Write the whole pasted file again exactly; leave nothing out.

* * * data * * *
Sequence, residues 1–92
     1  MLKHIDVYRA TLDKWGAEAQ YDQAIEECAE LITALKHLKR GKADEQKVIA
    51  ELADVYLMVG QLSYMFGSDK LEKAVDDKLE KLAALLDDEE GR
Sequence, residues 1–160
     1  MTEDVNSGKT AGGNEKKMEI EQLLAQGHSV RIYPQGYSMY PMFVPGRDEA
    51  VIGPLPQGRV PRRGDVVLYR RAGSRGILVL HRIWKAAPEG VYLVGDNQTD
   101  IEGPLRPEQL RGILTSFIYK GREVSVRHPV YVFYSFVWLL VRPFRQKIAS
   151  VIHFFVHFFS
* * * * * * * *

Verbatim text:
Sequence, residues 1–92
     1  MLKHIDVYRA TLDKWGAEAQ YDQAIEECAE LITALKHLKR GKADEQKVIA
    51  ELADVYLMVG QLSYMFGSDK LEKAVDDKLE KLAALLDDEE GR
Sequence, residues 1–160
     1  MTEDVNSGKT AGGNEKKMEI EQLLAQGHSV RIYPQGYSMY PMFVPGRDEA
    51  VIGPLPQGRV PRRGDVVLYR RAGSRGILVL HRIWKAAPEG VYLVGDNQTD
   101  IEGPLRPEQL RGILTSFIYK GREVSVRHPV YVFYSFVWLL VRPFRQKIAS
   151  VIHFFVHFFS